The End Of The World Show

Gig review by Steve Bennett

As the face of astrophysics, Professor Brian Cox is used to thinking in terms of unimaginably long timescales, spanning the history of the universe.

Such concepts surely help when co-hosting Robin Ince’s epic End of the World Show – a night so seemingly interminable, even Ken Dodd himself might think it ‘going on a bit’ as it enters its fifth hour with no clear ending in sight.

Ince’s booking policy for this science-variety extravaganza seems to be to invite his entire address book, and see what happens. The result is something akin to a one-night Glastonbury for geeks, with academics rubbing shoulders with musicians, comedians, poets, rappers, and the uncategorisable. Like a festival, the audience samples a lot that’s unfamiliar, happy to take the inevitable rough with the smooth.

And Ince certainly produced some headline-grabbing surprises on the night.

Hugh Grant, fresh from settling his phone-hacking claim against the News Of The World, appeared to play top homeopath Peter Fisher, in a recreation of a Commons select committee appearance that drove another nail into the credibility of the quackery-based ‘treatment’. His fellow Hacked Off cheerleader Steve Coogan showed up, trying hard not to slip into Alan Partridge mode as he introduced a mash-up of footage from Leveson. Eric Idle called in via Skype to tell us that, living in California close to Mayan territory, he would be the first to know if the world was ending as foretold – before the connection went worryingly dead. And as the apocalypse failed to show up for its slot on the bill, Cox got the old band back together for the suitably anthemic show-stopper Things Can Only Get Better.

Perhaps more surprising were the things we learned, courtesy of the packed bill of scientific communicators that mixed such stalwarts of these events like Simon Singh, Ben Goldacre and Richard Wiseman with some less familiar names. We heard, for example, that some women can see millions more colours than most people – but no men can; the unpalatable truth about figs and dead baby wasps; how computer pioneer Alan Turing was so instrumental in winning the Second World War, how the Mayan counting system worked; how to baffle your opponents in American Football; and how the mutating-neutrino based plot of disaster movie 2012 is bullshit.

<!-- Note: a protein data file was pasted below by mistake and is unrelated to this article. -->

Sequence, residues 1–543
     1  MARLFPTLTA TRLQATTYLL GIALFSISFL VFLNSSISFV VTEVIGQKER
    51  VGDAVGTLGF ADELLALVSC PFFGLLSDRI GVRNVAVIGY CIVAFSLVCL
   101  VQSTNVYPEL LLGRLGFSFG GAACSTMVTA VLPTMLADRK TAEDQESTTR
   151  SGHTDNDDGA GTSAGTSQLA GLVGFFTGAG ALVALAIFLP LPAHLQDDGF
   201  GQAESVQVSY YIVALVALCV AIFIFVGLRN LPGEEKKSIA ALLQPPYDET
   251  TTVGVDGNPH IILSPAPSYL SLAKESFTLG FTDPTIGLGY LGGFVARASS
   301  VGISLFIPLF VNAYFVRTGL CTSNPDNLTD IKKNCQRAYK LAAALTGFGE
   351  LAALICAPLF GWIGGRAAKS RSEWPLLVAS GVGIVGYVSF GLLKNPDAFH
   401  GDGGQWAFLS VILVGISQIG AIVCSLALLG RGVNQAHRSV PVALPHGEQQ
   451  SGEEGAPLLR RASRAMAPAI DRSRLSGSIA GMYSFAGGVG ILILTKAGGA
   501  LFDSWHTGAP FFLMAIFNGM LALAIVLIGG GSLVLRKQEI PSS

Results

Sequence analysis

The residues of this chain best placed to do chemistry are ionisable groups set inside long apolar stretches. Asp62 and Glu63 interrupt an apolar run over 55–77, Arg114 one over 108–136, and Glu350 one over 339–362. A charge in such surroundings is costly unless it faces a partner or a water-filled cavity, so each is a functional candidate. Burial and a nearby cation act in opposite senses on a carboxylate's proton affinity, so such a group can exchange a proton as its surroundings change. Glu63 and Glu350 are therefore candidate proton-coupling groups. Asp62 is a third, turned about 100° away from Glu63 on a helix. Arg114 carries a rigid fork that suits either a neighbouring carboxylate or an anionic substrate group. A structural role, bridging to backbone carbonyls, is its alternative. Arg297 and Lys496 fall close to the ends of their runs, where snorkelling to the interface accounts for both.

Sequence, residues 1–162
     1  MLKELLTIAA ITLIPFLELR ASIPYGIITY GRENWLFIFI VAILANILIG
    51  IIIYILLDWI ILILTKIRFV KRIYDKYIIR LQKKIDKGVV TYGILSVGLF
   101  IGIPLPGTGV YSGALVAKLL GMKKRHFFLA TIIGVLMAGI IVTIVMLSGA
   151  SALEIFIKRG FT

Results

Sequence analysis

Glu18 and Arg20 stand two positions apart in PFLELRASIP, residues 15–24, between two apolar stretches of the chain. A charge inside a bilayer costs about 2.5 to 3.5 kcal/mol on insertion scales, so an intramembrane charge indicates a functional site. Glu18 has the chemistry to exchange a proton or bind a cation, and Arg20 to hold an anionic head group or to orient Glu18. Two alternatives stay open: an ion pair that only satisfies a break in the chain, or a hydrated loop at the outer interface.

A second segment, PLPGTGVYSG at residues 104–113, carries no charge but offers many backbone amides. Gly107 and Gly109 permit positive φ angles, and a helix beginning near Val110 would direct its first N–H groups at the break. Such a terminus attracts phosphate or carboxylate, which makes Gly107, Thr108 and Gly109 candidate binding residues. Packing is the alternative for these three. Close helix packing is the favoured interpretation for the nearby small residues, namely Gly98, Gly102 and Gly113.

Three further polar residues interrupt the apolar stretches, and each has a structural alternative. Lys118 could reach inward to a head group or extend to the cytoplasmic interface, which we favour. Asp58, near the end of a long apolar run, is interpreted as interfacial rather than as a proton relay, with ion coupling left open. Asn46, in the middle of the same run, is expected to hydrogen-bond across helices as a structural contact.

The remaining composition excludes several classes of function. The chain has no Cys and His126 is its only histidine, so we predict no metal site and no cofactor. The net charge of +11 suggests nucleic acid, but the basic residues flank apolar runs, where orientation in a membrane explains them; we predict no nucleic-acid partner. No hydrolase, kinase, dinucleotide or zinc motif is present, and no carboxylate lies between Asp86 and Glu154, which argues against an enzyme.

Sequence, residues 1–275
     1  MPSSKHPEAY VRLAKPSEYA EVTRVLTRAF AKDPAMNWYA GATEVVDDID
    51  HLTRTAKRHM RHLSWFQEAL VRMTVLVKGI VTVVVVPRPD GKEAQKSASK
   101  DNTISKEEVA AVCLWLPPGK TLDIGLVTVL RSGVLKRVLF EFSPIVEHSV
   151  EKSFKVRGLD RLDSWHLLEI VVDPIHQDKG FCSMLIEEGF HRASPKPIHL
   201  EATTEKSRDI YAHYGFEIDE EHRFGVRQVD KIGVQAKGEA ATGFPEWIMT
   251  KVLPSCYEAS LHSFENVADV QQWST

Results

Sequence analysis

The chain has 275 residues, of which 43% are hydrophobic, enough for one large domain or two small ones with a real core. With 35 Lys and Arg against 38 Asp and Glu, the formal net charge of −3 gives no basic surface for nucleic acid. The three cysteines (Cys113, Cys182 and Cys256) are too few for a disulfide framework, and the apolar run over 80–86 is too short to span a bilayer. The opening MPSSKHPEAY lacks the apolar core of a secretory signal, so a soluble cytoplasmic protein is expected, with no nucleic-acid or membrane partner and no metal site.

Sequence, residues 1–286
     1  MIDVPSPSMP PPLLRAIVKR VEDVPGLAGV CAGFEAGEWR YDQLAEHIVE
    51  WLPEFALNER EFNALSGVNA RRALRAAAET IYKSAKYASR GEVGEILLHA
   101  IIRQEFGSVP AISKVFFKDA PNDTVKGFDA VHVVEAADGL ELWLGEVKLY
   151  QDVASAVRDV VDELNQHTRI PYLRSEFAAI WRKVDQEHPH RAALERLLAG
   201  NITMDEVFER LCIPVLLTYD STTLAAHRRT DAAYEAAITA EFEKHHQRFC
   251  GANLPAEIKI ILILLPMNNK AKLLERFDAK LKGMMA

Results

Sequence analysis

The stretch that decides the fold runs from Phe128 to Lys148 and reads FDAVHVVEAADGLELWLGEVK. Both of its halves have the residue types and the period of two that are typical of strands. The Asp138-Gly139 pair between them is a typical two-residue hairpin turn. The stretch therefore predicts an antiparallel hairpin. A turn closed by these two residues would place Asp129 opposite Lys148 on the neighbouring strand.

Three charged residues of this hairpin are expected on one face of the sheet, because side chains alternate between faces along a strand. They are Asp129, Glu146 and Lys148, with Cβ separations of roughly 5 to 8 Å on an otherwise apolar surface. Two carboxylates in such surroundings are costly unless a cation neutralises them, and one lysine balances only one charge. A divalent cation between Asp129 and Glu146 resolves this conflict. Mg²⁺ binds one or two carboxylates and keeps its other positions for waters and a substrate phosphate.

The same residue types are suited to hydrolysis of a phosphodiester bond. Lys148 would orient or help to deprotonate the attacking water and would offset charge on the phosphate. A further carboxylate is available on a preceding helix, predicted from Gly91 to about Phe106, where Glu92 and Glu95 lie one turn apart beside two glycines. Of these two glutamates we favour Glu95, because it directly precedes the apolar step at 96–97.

That last, unsurprising, fact came from scientist-turned-stand-up Dara O Briain, the perfect man with the perfect routine for this occasion. It may have been an old one, but it’s a wonderful piece of angry, rationalist deconstruction – and his aide memoire for the difference between astrology and astronomy went down a treat, too.

Representing comedians elsewhere, Stewart Lee made an early appearance as Mayan death god Ah Pukuh, insisting that his policy of the annihilation of all things was still on track, despite some setbacks, in a wonderfully laboured parody of David Cameron. Josie Long entertained with a witty reading from Charles Darwin’s letters, revealing his unscientific approach to the exotic animals he encountered on his travels. And another former scientist, Ben Miller, read supposed extracts from his 2012 diary, which managed to boast of all his year’s career achievements, while disingenuously thinking them not as glamorous as scientific endeavour... funny, but the joke rather repeated itself with each journal entry.

The Festival of the Spoken Nerd – aka musical comic Helen Arney, Blue Peter science expert Steve Mould, and stand-up mathematician Matt Parker – really impressed, with a love song illustrated with appropriate charts and equations, an ideal match for this audience and wonderfully witty. They can surely expect a steep peak in the graph of their sales figures for their 2013 tour on the back of that fine showcase of their respective talents.

And Jon Culshaw came out, first as Tom Baker’s Doctor Who morphing into Brian Cox himself; and later as Sir Patrick Moore, as part of an obituary praising his work in making astronomy accessible.

As well as the house band, musicians and the odd spoken word artist, also punctuated the show. The acoustics weren’t crisp enough for rapper Scroobius Pip, and generally the other musical interludes, from earnest anti-capitalist singer-songwriter Grace Petrie to Johnny Berlinner’s internet song, were the less memorable elements of the night.

And though the show was driven by rationalism, it wasn’t exclusive. The audience applauded fire at one point, thanks to a section from chemist Andrea Sella. Not that anyone will remember the chemistry, only the size of his test tube. And even ‘self-proclaimed wizard’ and comic-book artist Alan Moore got a look-in, espousing his belief that the universe is but a hologram.

It all made for an eclectic and unrepeatable four-and-a-half hours of education and nerdy entertainment, delivered with a certain sense of occasion. It was a lot of fun – and we can say that with a five-sigma level of certainty.

Published: 22 Dec 2012

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